Louise Clancy examines the different stances and policies of the various Irish political parties in regards to abortion reform and the repeal of the 8th amendment.
The topic of abortion has been a highly tense and heated debate amongst the Irish population within the last 30 years, consisting of five referenda (including the 8th amendment) and six high profile cases, as well as countless protests across the country over the years. 
In recent times, the abortion debate has escalated after the death of Indian-born woman Savita Halappanavar in October 2012. Since the legislation of the Protection of Life During Pregnancy Act in 2013, organisations and the Irish public from pro-life and pro-choice stances have put pressure on the government to take a unified and definitive stand on which side they will take. 
In the 2011 general election, Fine Gael guaranteed that no changes to abortion laws would occur during their time in Dáil. The pro-life community criticised the government after passing the Protection of Life During Pregnancy Act two years later.  
Currently, Fine Gael have yet to adopt an official policy, but it is likely it could be part of their election manifesto next year, as the party emphasised pro-life values in the 2011 general election. 
At the Garrett Fitzgerald Summer School on July 18th, Young Fine Gael passed their motion on repealing the 8th amendment in the case of ectopic and non-viable pregnancies. Young Fine Gael’s decision to pass the motion may influence the main branch of the party in the future. Fine Gael has no further plans to change abortion legislation before the next general election in 2016.
Fine Gael’s coalition partner Labour however, has adopted a pro-choice stance on abortion. This created tension between the party and Fine Gael with voting on the Protection of Life During Pregnancy Bill in 2013. In May 2015, Labour demanded that the abortion issue must be immediately examined by the Oireachtas Health Committee to pave the way for a new law before the end of the coalition's term in office.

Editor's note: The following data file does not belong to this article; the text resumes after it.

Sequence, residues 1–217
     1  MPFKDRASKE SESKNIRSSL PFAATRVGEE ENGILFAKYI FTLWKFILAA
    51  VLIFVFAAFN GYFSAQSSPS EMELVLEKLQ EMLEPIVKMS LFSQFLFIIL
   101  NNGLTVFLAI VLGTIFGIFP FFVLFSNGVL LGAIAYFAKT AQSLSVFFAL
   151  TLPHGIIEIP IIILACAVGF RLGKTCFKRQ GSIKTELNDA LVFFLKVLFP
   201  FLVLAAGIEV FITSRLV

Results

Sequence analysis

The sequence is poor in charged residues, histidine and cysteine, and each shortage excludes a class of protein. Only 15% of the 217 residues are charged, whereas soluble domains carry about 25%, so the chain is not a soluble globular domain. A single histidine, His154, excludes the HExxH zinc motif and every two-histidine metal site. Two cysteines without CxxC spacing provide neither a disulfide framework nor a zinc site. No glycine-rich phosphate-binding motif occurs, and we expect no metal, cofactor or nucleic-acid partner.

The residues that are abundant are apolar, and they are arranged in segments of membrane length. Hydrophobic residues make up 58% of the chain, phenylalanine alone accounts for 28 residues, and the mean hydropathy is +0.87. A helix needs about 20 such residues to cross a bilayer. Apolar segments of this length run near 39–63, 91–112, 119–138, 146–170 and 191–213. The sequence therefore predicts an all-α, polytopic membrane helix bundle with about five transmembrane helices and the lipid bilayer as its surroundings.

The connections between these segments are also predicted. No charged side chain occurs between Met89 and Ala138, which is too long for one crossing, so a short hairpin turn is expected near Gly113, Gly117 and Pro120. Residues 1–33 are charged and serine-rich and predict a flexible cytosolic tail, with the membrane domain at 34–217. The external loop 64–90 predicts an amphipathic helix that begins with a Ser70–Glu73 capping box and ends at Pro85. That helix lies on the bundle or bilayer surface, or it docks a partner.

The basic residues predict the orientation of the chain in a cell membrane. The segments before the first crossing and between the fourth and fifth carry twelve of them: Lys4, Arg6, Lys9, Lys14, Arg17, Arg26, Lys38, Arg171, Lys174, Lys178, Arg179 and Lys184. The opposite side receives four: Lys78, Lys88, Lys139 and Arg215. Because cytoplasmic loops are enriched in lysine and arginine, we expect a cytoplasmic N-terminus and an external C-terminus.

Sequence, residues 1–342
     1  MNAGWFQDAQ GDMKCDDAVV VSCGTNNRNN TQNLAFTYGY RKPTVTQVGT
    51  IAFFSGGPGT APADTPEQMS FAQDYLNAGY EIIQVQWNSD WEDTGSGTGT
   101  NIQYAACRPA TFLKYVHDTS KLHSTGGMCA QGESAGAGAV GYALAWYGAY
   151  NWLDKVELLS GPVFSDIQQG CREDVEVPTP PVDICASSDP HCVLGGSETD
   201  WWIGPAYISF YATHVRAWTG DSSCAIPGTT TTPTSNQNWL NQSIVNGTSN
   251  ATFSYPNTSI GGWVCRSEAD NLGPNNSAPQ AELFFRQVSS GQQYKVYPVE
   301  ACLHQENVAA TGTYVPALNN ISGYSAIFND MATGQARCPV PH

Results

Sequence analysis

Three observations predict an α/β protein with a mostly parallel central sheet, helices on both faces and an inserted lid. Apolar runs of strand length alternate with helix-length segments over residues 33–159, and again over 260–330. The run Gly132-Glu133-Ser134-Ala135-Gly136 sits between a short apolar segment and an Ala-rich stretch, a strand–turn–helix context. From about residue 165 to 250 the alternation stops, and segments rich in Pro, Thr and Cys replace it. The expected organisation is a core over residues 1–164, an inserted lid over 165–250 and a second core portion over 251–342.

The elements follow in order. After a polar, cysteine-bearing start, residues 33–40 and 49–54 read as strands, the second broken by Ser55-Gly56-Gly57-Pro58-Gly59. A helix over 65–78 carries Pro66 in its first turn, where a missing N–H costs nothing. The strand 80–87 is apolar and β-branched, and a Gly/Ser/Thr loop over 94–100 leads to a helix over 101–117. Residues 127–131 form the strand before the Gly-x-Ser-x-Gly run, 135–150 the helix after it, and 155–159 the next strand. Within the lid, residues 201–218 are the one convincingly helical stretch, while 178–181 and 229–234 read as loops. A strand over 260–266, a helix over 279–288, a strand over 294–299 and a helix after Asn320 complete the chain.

While their demand was rejected by Fine Gael, Labour were determined to repeal the 8th amendment if they are in government again in 2016. Labour only recently voted to support the repeal, but will not do so until after the elections. 
In the shadow cabinet, Fianna Fáil have traditionally maintained a pro-life stance on abortion for many years. According to a statement from Micheál Martin to the Pro-Life Campaign, “Fianna Fáil’s position on abortion remains unchanged and will maintain Ireland’s ban on abortion. Fianna Fáil will uphold the right of the Irish people, and the Irish people alone, to decide on Ireland’s abortion laws.  We will oppose moves to legalise abortion in Ireland.  Our track record in this regard is clear.” 
On April 2015, ahead of their Ard Fheis, the Fianna Fáil national secretary, Dara Calleary, said that the abortion motion was fully in line with existing party policy on the issue.
Sinn Féin has recently become divided on the issue of abortion. Whilst Sinn Féin originally were a pro-life party, they have come to serious problems regarding their stance. As a result, Sinn Féin decided to abstain from Clare Daly’s bill providing for abortion in circumstances of fatal foetal abnormalities in February 2015.  
During the Sinn Féin Ard Fheis on March 2015, they voted to support repeal of the 8th Amendment, but voted down other abortion motions. 
As well as the long-established and mainstream parties, the newer independent parties have varying opinions relating to abortion laws. Both the Green Party and the newly formed Social Democrats support the repeal of the 8th amendment.
Independent parties, the Socialist Party/Anti-Austerity Alliance and the People Before Profit party support both the repeal of the 8th amendment and the legalisation of abortion. The other newly formed party Renua have no political stance on abortion.
Due to divided opinions in both the government and opposition parties, as well as the attempt to win votes in the 2016 general election, there is no intention to alter or remove Ireland’s anti-abortion laws despite increased pro-choice opposition. 
Whether or not the next government will touch on the issue, let alone take any legislative action is uncertain.